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Daisy Tjupamtarri Ward will take you on a winter goanna hunt. In summer their tracks are easily visible, but are they in winter? Enjoy learning how to catch a goanna, and then cook it. Detailed in humorous, colourful illustrations which take the reader with a family on their hunting expedition through the beautiful landscapes of the Western and Central Australian Deserts. They are helped by their very exuberant dog and his thorny devil friend. The reader has fun finding the thorny devil in every picture! Margaret Kemarre Turner OAM, Senior Arrernte Elder says of the book: “I really admire this book. I think it is really good, it is easy to read. We need books like this now because we only see books for children. This is for adult people to see and learn quicker. If you want young people to read, if they don’t have a very good background in English, they can see the picture. They can talk about it. From the pictures, they can hear the dog. (When dogs see a goanna, they bark.) As they are reading, they can build up a lot of language and a lot of words. That’s a really good thing about it. I really want family to read and learn from this book, which is really special to us. “
Daisy Tjupamtarri Ward is a multi-lingual Yarnangu woman and Senior Elder from the Central Desert region. She works as a Senior Community Liaison person for the Ngaanyatjarra Lands School in Warakurna and is also an accomplished artist. Daisy works closely with the school staff to support building strong two-way practices around school-community interactions, classroom teaching and curriculum development. As a well-respected Elder across the Ngaanyatjarra communities Daisy is keen to share her deep cultural understandings and knowledge with students and adults alike in order to enrich the two-way approach to education she values so highly. She has taken the Reading Tracks team out hunting on several occasions and shared her wealth of cultural knowledge with Margaret over many years. Margaret James, MEd, grew up in multilingual rural South Africa with Indigenous languages surrounding her. This significantly influenced her choice of tertiary studies - among these were linguistics, languages, education, Teaching English as an Additional Language, choral conducting and voice. This background was to prove invaluable when, after a fulfilling and varied career in several countries, she moved into Indigenous Education in Australia. Here her concern grew about the paucity of early reading material for young speakers of traditional Aboriginal languages and Aboriginal English, so she decided to do something about it. Her response was the development of the innovative and highly successful Honey Ant Readers, in seven Aboriginal languages as well as English, for which she has received numerous awards and accolades. While visiting schools and communities in order to deliver Professional Development for the Honey Ant Readers, Margaret became increasingly aware of the similar need for engaging, early-reading material for older learners as well. She worked closely with Elders, students and illustrators to develop linguistically and culturally appropriate learn-to-read story books for older readers. This included trips to the desert and the coast with Elders and children who shared their knowledge about tracking, hunting and fishing for food. Reading Tracks® – stories about hunting, tracking and fishing – is the result! Like many of the Elders with whom she works, Margaret is a mother and grandmother. When not developing literacy resources or going out bush with Elders and children, Margaret enjoys kayaking, walking, reading, singing, travelling and time with her family and friends. Jesse Tipiloura Young is a Tiwi man and father of three young children. Born in Darwin, he spent his early childhood growing up in Gunbalanya – a remote Aboriginal community in West Arnhem Land. He was captured by art at an early age. His father, Ray – an artist and master silk-screen printer - worked at Injalak Arts where Jesse and his four siblings would often observe and play, under the watchful eye of their mother, Michelle. The family then made the move to Tenterfield, a small town in regional New South Wales where Jesse completed primary school.This upbringing brought vastly different experiences for Jesse. Not only was he adapting to the challenges of new environmental a nd social surroundings - but to educational ones as well. Jesse had art as an escape and persevered through school. His persistence paid off during his high school years when he returned to Darwin as a boarder at St John’s College in 2000. Once he’d graduated in 2004 Jesse went on to be a plumber for eight years, then his knack for using his hands later turned to drawing. Throughout this time he also mentored young apprentices. Much like his schooling journey, his career took a different direction and he began working in his old high school, assisting young Indigenous students with their education, all the while carrying his love for art with him. After the birth of his first daughter he became inspired to illustrate storybooks. His unique upbringing and his family continue to be ongoing sources of inspiration for Jesse. He was honoured to have been shortlisted for the Magabala Books’ Kestin Indigenous Illustrator Award. This is his first published book.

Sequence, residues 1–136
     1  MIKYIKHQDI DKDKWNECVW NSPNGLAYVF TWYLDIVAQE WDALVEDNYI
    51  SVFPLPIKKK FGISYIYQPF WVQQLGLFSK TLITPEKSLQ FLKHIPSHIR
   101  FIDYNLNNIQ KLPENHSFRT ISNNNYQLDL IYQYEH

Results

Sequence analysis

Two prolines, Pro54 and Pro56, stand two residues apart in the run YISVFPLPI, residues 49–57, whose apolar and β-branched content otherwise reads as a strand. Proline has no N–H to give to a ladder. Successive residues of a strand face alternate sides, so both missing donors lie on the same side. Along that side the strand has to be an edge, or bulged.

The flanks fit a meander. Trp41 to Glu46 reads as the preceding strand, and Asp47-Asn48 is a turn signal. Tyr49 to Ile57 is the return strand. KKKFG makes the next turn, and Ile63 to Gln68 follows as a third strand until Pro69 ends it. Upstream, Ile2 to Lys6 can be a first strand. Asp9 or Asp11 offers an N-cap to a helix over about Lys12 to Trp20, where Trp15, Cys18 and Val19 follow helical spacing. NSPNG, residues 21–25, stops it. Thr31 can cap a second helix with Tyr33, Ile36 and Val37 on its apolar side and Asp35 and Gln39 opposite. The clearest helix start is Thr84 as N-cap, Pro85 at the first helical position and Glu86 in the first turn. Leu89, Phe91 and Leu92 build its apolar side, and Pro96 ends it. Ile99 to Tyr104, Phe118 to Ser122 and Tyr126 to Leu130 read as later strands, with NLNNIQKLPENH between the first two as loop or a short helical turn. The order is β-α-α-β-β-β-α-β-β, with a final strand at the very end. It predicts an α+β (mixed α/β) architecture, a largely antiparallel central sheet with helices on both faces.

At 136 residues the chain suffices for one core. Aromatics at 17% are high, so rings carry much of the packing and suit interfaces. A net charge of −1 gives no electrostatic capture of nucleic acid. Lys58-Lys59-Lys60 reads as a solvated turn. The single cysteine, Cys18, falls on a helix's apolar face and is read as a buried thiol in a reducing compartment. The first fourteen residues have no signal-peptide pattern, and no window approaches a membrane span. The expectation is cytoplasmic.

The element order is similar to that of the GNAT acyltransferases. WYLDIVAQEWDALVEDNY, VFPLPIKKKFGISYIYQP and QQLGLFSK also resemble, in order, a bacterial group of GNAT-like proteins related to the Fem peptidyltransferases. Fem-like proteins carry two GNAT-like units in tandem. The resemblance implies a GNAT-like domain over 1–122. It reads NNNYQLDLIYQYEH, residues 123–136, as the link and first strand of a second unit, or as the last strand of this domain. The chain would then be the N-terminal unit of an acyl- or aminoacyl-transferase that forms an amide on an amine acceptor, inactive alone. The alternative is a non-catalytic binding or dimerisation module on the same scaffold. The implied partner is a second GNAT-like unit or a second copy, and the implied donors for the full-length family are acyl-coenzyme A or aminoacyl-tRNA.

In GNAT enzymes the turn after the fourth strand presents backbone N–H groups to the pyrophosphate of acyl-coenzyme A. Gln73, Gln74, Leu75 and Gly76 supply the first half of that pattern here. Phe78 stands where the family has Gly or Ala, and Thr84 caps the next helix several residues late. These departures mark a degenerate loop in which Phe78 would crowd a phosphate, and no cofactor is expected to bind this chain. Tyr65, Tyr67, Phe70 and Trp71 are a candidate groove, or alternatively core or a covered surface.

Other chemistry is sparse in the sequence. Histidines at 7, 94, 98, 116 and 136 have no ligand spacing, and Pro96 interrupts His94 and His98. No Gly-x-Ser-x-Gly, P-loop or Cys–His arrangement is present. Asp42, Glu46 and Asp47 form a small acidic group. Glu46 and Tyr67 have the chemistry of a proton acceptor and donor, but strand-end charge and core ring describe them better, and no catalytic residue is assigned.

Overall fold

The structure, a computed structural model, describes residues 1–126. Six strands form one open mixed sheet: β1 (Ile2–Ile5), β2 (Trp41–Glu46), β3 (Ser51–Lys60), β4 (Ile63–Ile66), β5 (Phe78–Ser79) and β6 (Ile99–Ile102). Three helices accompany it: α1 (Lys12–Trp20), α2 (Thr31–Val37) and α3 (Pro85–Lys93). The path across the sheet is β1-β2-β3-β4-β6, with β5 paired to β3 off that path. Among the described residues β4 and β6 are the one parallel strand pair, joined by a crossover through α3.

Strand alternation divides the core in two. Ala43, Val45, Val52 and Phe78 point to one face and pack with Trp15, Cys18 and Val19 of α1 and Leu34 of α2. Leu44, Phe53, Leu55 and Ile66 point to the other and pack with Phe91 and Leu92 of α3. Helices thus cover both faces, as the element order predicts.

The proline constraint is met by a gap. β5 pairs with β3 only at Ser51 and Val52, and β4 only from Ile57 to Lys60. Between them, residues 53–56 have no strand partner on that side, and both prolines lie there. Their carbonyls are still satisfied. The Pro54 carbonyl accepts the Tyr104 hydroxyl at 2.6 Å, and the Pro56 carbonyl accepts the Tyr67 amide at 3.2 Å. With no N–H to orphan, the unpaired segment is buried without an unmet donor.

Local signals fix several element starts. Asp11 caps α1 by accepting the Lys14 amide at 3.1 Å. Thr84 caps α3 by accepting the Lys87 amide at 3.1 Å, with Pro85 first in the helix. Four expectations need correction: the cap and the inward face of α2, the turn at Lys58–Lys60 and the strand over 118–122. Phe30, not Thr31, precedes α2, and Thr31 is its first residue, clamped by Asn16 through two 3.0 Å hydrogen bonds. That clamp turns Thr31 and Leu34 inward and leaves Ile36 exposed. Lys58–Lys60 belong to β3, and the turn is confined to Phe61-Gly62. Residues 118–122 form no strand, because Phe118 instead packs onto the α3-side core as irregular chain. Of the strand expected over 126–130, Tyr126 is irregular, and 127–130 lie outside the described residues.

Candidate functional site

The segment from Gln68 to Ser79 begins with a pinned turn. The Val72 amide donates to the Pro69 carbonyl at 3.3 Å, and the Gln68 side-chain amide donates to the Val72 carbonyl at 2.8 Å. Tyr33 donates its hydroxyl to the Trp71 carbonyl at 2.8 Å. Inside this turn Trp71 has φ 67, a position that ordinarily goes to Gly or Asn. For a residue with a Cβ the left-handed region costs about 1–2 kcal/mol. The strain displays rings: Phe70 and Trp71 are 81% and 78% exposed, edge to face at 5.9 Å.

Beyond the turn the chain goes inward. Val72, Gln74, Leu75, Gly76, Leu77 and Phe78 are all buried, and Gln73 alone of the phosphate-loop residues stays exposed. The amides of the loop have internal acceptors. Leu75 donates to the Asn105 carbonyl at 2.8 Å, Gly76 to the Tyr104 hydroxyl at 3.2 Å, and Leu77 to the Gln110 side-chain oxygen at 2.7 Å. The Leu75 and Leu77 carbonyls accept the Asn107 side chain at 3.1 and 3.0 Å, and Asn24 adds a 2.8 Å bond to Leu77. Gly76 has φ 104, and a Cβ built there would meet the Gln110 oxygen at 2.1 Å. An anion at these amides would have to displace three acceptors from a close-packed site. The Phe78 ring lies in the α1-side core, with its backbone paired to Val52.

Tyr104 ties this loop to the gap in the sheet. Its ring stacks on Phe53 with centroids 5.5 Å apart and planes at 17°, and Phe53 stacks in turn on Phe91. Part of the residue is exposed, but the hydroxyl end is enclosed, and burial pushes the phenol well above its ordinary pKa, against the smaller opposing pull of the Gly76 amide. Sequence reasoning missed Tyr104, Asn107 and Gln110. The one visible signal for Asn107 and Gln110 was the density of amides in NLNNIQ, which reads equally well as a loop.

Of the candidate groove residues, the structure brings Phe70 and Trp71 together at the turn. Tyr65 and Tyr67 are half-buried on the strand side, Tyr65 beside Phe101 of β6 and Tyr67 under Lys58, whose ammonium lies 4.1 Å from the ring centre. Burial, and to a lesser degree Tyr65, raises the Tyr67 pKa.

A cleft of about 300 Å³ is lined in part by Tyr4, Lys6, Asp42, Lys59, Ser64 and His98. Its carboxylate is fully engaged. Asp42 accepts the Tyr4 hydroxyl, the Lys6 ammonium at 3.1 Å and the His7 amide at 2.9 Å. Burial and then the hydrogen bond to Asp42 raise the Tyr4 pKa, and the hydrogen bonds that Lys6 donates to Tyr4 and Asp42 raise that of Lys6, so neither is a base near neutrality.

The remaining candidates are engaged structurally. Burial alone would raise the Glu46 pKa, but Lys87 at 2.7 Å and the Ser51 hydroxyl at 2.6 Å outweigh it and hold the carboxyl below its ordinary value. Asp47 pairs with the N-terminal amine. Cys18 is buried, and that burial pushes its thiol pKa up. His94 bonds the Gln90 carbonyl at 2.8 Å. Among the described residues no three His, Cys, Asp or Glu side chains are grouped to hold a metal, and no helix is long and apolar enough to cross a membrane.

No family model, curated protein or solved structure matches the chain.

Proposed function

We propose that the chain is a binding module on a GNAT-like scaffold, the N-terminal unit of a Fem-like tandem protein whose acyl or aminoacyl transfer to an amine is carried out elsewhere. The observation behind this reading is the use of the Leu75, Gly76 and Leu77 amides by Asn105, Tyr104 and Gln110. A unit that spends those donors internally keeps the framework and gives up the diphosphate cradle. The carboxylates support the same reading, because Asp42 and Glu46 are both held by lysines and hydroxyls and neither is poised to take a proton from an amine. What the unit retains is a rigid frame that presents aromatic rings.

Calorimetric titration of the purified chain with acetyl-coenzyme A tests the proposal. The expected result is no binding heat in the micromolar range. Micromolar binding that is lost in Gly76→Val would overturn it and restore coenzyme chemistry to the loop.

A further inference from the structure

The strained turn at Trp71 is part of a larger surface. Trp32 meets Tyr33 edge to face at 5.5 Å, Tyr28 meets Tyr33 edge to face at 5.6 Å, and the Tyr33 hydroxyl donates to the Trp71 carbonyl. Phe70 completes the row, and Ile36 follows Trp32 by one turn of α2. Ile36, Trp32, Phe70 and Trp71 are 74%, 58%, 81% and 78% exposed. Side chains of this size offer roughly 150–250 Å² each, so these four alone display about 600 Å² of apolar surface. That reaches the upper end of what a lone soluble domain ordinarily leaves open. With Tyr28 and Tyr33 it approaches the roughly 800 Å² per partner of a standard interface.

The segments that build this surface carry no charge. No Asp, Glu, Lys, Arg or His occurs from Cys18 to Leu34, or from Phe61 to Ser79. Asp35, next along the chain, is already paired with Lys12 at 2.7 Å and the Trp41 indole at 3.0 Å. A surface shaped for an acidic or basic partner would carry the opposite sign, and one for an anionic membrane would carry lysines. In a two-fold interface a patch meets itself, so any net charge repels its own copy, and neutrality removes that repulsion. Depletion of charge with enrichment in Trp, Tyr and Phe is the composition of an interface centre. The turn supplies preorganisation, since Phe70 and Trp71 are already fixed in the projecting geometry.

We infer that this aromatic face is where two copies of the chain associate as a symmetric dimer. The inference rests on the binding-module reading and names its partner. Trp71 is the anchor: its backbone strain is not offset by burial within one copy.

This unique, colourful and humorous recount of a hunting trip with Daisy Tjupamtarri Ward will engage even the most disengaged Indigenous readers. It fills a gap in the young adult and adult Indigenous market. It instils pride and confidence in Indigenous readers as the characters are Indigneous and the content is culturally relevant. It covers contemporary hunting and cultural practices, as well as history. In this way, the book raises awareness and understanding of Indigenous cultures for non -Indigenous learners. For such a unique resource the book is good value. FOR: Indigenous and non Indigenous upper primary age children, young adults and people of all ages who would like to learn about Indigenous hunting practices. It helps to broaden awareness, deepen understanding and change attitudes towards Australia's first peoples. WHY: Fun, colourful, humorous illustrations dwhich engage readers. Brochures, website, speak at conferences, promotional material to stakeholders, media - radio, video, TV, newspaper. Social media. Flyers.